K. Ju et al suggested a method for stratifying the likelihood of a patient having skipped lesions of epidural abscess. Patients with delayed presentation beyond 7 days, who also have concomitant infection outside the spine and paraspinal regions, and who have an ESR greater than 95, have a 73% chance for the presence of a skipped lesion.18 Patients with the highest chance of having skipped lesions would benefit from MRI scan of the entire spinal column, rather than just at the focus of initial symptoms.
Plain Radiographs and CT—The search for a primary epidural abscess is very limited on plain radiography, except in cases where findings of concurrent spondylodiscitis are evident. CT imaging with contrast can demonstrate enhancement at paraspinal tissues, such as extension of disease to the psoas muscles. To demonstrate the spinal canal, intrathecal contrast would be necessary for the most accurate imaging and to overcome beam-hardening artifacts. This method sees limited use with improved MRI techniques, as there is a risk of spread of infection from the myelography spinal tap needed to introduce intrathecal contrast.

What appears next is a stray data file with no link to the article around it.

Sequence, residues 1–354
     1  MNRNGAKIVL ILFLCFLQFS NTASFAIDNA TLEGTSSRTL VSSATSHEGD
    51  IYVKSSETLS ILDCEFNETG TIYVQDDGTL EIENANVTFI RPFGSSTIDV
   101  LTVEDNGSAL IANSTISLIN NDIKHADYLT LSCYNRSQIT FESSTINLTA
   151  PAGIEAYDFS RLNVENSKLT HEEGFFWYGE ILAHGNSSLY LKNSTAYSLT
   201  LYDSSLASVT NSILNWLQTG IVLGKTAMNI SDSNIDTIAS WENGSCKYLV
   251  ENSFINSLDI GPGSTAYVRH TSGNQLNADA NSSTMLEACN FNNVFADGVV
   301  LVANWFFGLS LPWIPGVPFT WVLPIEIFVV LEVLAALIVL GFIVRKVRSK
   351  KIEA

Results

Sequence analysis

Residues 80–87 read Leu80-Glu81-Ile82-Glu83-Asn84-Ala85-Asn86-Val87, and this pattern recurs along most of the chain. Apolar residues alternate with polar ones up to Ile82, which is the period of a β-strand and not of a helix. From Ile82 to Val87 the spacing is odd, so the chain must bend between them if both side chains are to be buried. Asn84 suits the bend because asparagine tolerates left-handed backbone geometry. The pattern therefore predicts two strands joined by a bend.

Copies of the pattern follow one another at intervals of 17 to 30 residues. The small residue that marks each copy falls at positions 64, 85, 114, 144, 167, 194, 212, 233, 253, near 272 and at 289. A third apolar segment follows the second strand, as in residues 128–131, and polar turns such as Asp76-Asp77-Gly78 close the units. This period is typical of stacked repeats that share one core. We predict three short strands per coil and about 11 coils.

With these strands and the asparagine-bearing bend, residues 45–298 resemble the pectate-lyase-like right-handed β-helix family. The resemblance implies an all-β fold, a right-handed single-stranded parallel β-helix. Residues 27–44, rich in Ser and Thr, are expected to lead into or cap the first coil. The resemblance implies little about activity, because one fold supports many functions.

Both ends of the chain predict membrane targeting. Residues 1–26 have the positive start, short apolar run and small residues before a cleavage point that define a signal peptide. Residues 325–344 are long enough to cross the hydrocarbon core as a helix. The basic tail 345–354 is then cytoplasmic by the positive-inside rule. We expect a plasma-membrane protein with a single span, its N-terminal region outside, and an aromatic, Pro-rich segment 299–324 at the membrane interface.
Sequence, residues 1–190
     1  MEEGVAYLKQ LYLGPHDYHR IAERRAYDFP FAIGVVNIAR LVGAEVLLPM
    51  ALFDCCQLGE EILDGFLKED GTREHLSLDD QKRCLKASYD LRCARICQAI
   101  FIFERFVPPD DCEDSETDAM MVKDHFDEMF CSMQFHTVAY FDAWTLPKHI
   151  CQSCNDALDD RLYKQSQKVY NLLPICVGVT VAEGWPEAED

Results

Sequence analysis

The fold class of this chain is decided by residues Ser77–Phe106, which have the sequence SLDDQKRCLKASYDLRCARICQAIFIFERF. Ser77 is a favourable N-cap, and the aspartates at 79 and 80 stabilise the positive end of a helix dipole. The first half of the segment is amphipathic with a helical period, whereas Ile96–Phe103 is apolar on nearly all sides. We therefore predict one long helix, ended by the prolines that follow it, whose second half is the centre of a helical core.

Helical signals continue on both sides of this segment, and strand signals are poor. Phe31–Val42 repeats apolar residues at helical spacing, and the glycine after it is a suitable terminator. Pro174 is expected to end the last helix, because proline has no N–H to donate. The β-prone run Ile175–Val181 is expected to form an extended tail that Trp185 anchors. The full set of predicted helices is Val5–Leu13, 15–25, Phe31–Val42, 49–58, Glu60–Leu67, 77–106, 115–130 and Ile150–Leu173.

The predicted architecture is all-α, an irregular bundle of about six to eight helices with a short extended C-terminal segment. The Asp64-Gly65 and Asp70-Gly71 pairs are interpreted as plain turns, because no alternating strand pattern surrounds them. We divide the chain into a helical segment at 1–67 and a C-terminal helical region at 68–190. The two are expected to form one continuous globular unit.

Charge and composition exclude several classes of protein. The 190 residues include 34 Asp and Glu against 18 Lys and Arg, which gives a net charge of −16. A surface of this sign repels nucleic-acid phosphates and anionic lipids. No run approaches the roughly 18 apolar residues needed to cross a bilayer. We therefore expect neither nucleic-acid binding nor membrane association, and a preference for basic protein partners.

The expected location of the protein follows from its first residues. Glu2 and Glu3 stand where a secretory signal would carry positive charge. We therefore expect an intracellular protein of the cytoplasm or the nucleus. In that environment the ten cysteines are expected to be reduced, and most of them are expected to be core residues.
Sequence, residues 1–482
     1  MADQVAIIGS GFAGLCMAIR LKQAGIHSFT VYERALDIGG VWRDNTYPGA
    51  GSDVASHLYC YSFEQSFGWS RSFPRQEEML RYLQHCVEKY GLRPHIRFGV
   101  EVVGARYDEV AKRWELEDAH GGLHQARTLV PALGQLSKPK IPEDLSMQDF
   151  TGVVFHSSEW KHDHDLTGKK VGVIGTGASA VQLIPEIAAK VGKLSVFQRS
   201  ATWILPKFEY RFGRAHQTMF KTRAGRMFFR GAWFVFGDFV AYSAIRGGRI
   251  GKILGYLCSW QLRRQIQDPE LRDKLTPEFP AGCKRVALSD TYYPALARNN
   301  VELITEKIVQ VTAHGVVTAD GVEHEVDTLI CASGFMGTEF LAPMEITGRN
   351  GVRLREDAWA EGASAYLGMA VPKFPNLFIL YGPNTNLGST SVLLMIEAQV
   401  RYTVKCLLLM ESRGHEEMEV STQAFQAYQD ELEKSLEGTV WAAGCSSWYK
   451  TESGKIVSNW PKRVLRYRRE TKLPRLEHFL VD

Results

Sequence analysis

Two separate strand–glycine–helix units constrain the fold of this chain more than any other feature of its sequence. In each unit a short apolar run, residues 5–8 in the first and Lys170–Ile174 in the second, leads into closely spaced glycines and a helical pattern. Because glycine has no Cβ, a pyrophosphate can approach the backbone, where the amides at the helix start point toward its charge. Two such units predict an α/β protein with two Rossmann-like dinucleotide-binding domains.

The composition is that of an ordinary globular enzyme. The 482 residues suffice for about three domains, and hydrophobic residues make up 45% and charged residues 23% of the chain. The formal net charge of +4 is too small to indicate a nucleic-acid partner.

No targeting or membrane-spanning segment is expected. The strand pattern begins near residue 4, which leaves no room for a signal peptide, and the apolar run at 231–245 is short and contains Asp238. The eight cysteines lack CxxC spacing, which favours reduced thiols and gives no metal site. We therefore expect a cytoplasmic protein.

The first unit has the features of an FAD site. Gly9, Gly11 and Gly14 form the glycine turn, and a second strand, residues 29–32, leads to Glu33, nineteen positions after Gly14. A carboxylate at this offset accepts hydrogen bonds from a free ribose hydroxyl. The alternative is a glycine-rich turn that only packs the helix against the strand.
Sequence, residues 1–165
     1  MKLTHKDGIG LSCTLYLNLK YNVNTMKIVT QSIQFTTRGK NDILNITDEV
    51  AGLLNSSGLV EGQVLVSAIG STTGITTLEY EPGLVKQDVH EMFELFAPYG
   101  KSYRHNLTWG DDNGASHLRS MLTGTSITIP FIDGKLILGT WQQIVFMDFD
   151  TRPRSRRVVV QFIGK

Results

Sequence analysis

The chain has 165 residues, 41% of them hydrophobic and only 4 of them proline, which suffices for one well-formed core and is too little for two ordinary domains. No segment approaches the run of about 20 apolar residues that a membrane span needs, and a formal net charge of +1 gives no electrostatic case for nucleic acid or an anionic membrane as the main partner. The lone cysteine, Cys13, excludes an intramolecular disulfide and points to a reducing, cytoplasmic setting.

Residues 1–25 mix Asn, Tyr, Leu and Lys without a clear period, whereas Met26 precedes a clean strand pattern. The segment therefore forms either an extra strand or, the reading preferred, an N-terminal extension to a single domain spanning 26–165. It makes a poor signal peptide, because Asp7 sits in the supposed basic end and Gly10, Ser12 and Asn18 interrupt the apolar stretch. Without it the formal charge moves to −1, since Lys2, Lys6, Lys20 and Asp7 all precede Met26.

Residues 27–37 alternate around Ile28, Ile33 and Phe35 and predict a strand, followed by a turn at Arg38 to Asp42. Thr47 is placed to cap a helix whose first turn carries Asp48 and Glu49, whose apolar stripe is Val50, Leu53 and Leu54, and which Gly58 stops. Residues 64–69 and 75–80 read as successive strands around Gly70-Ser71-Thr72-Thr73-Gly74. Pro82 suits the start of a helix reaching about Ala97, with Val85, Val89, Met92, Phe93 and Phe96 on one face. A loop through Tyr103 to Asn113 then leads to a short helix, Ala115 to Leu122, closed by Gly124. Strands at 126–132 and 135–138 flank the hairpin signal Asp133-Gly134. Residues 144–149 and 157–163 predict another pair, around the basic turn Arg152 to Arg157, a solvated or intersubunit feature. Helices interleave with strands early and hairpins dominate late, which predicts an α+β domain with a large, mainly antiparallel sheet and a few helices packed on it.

MRI—An epidural abscess presents as a soft tissue mass that can encroach upon the thecal sac, spinal cord, and/or spinal nerve roots. Characteristically they appear as an epidural fluid collection with hypointense T1 signal abnormality and concurrent hyperintense T2 and STIR signal abnormalities. Along with rim-enhancement with IV contrast, high T2 signal intensity abnormalities can be seen both at the abscess itself and within the adjacent spinal cord, indicating edema from cord compression (Figure 7). Evaluation of the craniocaudal extent of the abscess is optimized on sagittal views of the spine. Similar to pyogenic spondylodiscitis, non-contiguous lesions can occur given the vast anastomotic channels of the spinal column. On occasion, a single lesion can “spiral” from posterior to anterior in the craniocaudal dimension, giving the appearance of multiple separate foci of infection. On axial slices, the radiologist can determine the lateral extension of epidural infection and the severity of intraspinal involvement and compression.